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  7. In my view, class has nothing to do with who your grandparents (or parents) were, or were not. I too never knew either of my grandfathers and my grandmother lived for some time on government food aid and both my parents left school at the age of fourteen and grew up in very working class families. But how does that mean that I might not be (mainly) middle class? Why do you think being from a "middle class" is condescending? You have again proved an earlier point I made by associating social class with feeling guilty.I certainly did not suggest that, and I certainly did not suggest that anyone should feel guilty for the class they belong to or the education they had. I did argue that it is moral cowardice to not face up to and acknowledge one's own class, as George Orwell and others have persuasively done. This does take honesty and courage because it can teach you unpleasant things about your own habits and opinions, and sometimes those of others. I too, do not care what jobs people do. I have had friends just like the ones you describe. A good person is a good person, regardless of their social class. Class is a complex issue, only partly related to the work that someone does. It's also to do with mental outlook, and a host of other things, but particularly education. I have some habits that are typical of the working classes (eg. strong interest in certain sports) though my own class is mainly middle-class even though my income (as a secondary school teacher) has always been lower than some working class tradespeople.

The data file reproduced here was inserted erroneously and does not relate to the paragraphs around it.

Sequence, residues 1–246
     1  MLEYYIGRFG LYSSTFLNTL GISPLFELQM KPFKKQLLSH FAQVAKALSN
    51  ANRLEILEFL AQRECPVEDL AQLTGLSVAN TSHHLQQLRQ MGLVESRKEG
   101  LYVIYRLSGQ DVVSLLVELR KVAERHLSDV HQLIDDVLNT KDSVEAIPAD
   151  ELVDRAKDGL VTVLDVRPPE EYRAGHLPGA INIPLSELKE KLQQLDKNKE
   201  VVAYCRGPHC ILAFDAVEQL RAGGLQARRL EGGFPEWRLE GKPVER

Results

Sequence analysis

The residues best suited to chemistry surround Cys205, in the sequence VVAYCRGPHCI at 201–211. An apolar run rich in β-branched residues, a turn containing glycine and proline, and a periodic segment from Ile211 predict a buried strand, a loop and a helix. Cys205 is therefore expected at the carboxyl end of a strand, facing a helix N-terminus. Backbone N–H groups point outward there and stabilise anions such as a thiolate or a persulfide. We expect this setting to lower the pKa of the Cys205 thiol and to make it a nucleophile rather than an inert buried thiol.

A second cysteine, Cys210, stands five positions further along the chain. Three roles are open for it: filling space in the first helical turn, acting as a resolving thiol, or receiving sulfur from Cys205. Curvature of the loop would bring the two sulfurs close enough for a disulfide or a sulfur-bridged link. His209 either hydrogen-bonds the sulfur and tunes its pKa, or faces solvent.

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  8. @Brett (final reply)

    I don’t like to censor my blog but when a debate turns as idiotic as this one, I’m afraid I’ll have to nip it in the bud and delete any attempts you make to further it. You’ve never met me, and know nothing about me but have deemed that I’m ‘middle class’ based on my current employment (which could change with government cuts; presumably making me working class/under-class tomorrow?)

    This is plain dumb. I don’t make myself out to be a rough handed son of labour. But equally I’ve never been in Waitrose, never been invited to a dinner party and am actually in a lower income bracket.

    Your other arguments are equally stupid.

    And as for George Orwell’s quote… so I’d be brave for pretending I belong to a class that I don’t identify with? Nope, I’d just be speaking bullshit.

    I generally like debate, but debating my place in society with someone I’ve never met is just dumb.

    Anyway, if anyone has anything interesting to add about the other points…